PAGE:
In Software Sales Comp, Carrots Are More Effective Than Sticks

Carrots or sticks? Which work better for software sales incentive compensation? In our previous posts, we showed that “carrots”, in the form of lower quota-to-OTE ratios*, higher variable compensation, and accelerators – are extremely effective. What about “sticks” – decelerators which pay lower commission rates when reps perform below quota? Here’s a chart comparing performance between companies which use them and those that don’t:

Median % of Quota Capacity Achieved

(Excludes Companies <$5M ARR)
  • AE Teams with no decelerators achieved a median 81% of Quota Capacity*
  • AE Teams using decelerators achieved 87% of QC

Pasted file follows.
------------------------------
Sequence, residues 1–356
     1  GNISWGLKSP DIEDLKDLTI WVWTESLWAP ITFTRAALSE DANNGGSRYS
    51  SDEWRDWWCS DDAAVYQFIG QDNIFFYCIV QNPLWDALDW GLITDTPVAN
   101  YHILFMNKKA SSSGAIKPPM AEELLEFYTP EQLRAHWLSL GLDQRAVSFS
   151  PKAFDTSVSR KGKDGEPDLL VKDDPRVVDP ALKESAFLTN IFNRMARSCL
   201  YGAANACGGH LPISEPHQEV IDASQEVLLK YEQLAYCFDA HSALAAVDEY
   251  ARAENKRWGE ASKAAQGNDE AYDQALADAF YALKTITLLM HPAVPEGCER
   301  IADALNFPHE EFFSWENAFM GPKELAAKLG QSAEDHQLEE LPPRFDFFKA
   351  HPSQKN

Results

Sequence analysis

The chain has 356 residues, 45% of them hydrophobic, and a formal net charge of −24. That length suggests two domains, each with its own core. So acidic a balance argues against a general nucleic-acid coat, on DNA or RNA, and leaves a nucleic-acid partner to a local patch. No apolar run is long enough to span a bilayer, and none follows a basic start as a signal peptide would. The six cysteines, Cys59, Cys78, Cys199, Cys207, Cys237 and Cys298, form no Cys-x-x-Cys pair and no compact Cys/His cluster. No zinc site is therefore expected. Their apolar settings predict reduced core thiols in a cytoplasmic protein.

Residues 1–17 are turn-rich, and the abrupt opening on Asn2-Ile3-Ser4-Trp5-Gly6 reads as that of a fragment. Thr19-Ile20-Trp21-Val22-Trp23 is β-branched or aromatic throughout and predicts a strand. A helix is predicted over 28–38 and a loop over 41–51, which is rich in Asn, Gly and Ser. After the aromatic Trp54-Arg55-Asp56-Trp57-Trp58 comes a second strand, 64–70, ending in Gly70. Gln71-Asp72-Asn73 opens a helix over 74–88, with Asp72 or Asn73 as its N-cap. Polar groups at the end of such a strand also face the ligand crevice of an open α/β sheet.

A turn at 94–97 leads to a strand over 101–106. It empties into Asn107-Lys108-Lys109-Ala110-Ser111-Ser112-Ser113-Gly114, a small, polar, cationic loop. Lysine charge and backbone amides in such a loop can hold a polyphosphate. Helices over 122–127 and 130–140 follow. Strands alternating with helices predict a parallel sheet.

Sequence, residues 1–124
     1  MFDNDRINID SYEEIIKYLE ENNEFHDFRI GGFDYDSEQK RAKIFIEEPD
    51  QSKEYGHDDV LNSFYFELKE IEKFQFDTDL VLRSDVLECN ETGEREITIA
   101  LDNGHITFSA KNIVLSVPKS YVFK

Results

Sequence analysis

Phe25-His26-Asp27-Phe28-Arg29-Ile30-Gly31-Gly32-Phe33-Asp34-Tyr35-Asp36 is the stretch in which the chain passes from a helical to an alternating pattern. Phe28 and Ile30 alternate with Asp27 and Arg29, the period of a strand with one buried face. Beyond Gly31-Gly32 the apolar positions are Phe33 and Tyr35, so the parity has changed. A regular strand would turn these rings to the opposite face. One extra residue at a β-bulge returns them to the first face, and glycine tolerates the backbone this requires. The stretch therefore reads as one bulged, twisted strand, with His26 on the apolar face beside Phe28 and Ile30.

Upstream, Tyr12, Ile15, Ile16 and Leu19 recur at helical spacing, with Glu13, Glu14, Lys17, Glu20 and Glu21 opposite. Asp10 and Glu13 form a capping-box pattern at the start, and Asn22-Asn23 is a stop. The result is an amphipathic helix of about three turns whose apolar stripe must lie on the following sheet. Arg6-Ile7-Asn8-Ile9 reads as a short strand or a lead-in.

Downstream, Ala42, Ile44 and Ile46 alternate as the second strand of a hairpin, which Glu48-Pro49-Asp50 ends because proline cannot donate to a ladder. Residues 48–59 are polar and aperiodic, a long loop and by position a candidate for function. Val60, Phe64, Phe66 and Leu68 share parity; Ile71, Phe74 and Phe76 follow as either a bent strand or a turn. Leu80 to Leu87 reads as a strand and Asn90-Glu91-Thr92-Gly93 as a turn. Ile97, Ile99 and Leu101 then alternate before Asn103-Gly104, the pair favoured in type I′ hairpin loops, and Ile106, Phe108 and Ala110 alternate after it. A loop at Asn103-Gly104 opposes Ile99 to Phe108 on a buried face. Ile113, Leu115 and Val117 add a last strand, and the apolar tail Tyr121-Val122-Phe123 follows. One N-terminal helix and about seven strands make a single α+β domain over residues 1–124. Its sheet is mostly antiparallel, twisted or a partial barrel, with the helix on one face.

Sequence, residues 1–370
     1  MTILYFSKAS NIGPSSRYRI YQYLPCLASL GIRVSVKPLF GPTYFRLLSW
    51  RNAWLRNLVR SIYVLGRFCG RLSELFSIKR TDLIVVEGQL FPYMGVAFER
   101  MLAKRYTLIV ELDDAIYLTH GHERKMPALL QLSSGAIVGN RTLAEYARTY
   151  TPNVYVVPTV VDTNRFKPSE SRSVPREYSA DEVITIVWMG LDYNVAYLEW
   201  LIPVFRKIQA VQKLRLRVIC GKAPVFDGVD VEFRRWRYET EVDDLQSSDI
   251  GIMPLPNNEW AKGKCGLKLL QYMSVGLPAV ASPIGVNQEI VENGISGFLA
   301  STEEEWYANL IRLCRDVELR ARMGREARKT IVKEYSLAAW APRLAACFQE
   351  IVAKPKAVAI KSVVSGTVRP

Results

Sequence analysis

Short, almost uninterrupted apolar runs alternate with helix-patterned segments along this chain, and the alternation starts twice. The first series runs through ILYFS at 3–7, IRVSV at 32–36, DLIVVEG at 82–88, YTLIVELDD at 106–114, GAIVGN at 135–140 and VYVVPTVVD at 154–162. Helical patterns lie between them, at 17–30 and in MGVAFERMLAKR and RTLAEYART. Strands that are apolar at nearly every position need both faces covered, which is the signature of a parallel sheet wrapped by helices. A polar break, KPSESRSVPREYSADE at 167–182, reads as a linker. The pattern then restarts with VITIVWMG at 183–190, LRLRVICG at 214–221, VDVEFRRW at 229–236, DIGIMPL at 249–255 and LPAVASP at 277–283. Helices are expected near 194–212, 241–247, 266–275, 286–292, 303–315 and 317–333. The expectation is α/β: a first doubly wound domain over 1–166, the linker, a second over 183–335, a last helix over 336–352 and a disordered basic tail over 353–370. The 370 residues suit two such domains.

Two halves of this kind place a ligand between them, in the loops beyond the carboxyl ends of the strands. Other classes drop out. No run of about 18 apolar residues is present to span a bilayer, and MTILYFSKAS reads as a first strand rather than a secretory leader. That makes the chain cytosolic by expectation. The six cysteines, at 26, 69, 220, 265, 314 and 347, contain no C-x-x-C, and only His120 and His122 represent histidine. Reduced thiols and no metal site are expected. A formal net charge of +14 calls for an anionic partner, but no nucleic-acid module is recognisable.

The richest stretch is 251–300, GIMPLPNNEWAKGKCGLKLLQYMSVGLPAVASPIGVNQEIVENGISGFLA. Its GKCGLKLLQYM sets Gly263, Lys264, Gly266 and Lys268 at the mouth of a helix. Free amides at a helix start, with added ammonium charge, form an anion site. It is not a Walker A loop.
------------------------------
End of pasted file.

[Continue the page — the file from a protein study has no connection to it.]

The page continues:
So decelerators do seem to help, though only a little. Another argument for decelerators: companies using them had a lower percentage of reps who missed quota badly (20%), vs. those who didn’t use them (25%).* Again, decelerators helped, but only a little. Bottom line, we think the jury’s still out on decelerators. Either way, it’s clear that “carrots” work much better than “sticks” when it comes to software sales comp. What do you think?

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* Data measured across 24 sales teams who reported Decelerator data, of which approximately one-third used Decelerators. OTE is on-target earnings that an AE earns when delivering quota. QC is total ARR bookings achieved by the AE team divided by the product of (1) avg. Quota per AE and (2) avg. number of AEs. AE performance “well below quota” is defined as AE performance of <75% of Quota.